*** 1/2 Chico O'Farrill, "Carambola," Milestone.

Since his resurgence in 1996 with the excellent "Pure Emotion" and its follow-up, 1998's "Heart of a Legend," this Cuban composer, arranger and bandleader has continued to experiment with a variety of Afro-Cuban formats, from the descarga to the bolero. "Carambola" completes a trilogy of sorts with old and new numbers alike, including a majestic rerecording of his seminal "Afro-Cuban Jazz Suite."

Salsa fans, however, will rejoice when they listen to the old-fashioned "Oye Mi Rumba." The song includes a guest vocal by Graciela, the singer with the legendary Machito orchestra who has been brought out of retirement by O'Farrill. Anybody familiar with the recordings of Graciela and the late Machito (they were brother and sister) from the '50s and '60s will appreciate the magic of this cut.


** 1/2 Los Zafiros, "Story," Ahi-Nama.

If you listened to the compilation by this '60s Cuban group released last year by Nonesuch, chances are you were left pining for more of Los Zafiros' refreshing blend of doo-wop, bossa nova and Afro-Caribbean sounds.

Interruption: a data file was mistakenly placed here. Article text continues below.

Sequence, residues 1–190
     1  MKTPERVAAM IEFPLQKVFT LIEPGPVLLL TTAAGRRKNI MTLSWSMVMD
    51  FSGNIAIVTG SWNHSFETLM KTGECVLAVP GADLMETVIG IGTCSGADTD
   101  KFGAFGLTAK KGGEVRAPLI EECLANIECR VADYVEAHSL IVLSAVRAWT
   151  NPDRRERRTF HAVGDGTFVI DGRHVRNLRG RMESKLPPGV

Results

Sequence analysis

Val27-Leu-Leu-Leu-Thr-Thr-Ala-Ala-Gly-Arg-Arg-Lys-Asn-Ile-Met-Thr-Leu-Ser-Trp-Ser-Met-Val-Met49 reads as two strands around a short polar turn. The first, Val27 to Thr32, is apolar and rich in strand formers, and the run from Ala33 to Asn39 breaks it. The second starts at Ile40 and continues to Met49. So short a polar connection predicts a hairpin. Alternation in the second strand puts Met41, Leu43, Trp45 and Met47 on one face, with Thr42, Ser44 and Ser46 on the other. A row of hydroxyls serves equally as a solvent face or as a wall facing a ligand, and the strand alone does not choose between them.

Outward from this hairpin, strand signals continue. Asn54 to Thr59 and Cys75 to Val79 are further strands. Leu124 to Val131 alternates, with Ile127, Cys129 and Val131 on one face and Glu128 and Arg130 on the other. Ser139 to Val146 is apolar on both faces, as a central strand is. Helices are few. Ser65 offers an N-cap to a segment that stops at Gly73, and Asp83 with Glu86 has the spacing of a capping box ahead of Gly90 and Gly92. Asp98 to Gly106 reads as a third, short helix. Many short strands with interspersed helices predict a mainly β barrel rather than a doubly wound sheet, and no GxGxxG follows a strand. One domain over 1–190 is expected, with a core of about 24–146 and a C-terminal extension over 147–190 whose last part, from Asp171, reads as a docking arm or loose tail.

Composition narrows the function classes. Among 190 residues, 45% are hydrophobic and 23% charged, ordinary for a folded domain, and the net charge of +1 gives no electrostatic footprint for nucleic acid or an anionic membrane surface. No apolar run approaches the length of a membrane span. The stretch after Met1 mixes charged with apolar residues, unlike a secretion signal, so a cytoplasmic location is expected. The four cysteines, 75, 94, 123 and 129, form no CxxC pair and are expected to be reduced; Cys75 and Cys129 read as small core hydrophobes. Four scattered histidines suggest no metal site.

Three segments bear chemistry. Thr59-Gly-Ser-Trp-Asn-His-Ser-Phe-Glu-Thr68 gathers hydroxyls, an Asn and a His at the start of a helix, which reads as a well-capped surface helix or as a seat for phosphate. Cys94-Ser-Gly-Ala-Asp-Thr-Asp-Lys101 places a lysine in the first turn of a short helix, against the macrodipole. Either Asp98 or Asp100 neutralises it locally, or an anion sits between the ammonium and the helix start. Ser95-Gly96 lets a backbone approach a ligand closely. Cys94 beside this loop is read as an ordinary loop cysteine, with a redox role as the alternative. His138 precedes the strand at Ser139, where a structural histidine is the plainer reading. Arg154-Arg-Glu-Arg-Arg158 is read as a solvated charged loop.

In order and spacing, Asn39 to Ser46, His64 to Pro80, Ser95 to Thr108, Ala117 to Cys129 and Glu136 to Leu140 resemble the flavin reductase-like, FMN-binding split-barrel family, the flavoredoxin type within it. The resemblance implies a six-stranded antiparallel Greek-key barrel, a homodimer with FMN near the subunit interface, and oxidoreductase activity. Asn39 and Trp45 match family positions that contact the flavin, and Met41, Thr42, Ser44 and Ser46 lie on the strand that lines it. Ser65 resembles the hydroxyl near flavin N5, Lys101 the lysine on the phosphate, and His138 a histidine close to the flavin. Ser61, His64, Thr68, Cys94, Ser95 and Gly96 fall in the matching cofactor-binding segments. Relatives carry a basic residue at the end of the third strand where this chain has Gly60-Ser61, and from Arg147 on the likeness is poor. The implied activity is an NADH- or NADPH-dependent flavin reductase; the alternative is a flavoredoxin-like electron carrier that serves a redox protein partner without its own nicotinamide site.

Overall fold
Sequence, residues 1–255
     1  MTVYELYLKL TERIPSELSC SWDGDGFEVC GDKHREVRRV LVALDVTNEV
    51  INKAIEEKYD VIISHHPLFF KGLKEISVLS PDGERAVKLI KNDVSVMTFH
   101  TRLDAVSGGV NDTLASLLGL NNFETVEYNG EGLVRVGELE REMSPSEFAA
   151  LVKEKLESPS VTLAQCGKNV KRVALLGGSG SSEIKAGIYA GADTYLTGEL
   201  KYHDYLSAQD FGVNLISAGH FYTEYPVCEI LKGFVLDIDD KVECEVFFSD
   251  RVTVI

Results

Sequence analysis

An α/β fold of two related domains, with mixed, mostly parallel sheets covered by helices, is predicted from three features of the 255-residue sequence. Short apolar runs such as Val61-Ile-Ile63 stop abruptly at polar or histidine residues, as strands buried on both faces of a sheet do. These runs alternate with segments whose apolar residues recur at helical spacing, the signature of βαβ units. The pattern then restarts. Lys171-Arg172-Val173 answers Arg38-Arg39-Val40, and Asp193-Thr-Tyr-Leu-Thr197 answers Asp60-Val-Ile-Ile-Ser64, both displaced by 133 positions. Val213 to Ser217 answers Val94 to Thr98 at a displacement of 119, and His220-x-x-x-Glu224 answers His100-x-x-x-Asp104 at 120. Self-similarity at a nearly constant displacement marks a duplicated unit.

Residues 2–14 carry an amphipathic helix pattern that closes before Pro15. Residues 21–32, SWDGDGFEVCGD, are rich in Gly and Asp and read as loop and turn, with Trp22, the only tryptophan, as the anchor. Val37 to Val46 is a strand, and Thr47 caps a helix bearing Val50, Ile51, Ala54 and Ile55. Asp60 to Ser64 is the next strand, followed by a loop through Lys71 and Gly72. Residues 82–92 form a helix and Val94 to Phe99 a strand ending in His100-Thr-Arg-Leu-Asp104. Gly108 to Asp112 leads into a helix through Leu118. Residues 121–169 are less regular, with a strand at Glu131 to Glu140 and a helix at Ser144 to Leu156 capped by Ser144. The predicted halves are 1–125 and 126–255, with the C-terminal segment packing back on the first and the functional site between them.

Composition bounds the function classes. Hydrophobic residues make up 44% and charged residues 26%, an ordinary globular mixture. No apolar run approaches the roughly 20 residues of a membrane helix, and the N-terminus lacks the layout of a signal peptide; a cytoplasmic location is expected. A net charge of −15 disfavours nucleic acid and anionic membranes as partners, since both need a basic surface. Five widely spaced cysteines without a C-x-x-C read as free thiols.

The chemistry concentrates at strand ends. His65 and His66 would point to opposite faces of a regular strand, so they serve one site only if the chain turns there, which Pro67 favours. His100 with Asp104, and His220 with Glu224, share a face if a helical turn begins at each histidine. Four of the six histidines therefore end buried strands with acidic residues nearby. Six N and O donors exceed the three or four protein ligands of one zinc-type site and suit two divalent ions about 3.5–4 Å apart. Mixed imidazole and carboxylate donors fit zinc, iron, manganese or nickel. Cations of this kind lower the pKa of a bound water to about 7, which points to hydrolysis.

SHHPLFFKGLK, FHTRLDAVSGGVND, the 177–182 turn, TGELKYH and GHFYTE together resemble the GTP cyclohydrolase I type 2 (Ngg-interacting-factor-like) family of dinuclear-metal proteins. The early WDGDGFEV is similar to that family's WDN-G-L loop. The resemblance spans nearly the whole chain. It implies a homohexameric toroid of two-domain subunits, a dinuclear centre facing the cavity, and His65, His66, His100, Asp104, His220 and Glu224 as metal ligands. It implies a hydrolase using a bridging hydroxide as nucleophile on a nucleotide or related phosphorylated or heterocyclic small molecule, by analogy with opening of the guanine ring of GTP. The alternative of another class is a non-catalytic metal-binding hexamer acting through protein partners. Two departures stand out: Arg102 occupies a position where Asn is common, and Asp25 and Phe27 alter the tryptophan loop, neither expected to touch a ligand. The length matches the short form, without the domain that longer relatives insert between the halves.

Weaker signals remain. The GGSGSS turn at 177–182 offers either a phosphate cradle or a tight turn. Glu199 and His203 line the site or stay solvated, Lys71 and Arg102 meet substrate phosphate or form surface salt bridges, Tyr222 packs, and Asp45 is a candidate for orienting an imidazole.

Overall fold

That anthology coincided with the inclusion of a Zafiros tune ("Herido de Sombras") in Ibrahim Ferrer's first solo album. Manuel Galban, the group's original guitarist, participated in the recording and then toured with Ferrer and other Buena Vista Social Club players.

Now, the Los Angeles-based label Ahi-Nama has dug into the vaults for some more Zafiros recordings, which serve as the soundtrack for an upcoming film dealing with the group's tragic history. Most of the founding members died at a young age, and the group disintegrated in the '70s.

Unfortunately, half of the tunes in this collection are repeats from the Nonesuch release. But the newly uncovered ones are must-haves, most notably the gorgeous, string-laden bolero "Hermosa Habana."

Perhaps to compensate for the scarcity of original material, the disc includes some music videos (accessed on a CD-ROM drive) from the Ahi-Nama stable of performers, including Bamboleo, Laito Jr., Arte Mixto and Maraca, plus four vintage clips of Los Zafiros themselves.


*** Various artists, "Latin Travels," Six Degrees. Latin goes electronica courtesy of quality acts such as Zuco 103, St. Germaine and Suba, and the resulting soundscapes are exhilarating. You might be worried about what a battery of samples, drum machines and layers of keyboards could do to your basic salsa and bossa nova patterns. But the cool piano lines and hot trumpet riffs here prove that these seemingly disparate worlds have one goal in common: to lighten up your spirit with their relentless hedonism.


Albums are rated on a scale of one star (poor), two stars (fair), three stars (good) and four stars (excellent). The albums are already released unless otherwise noted.

Los Angeles Times Articles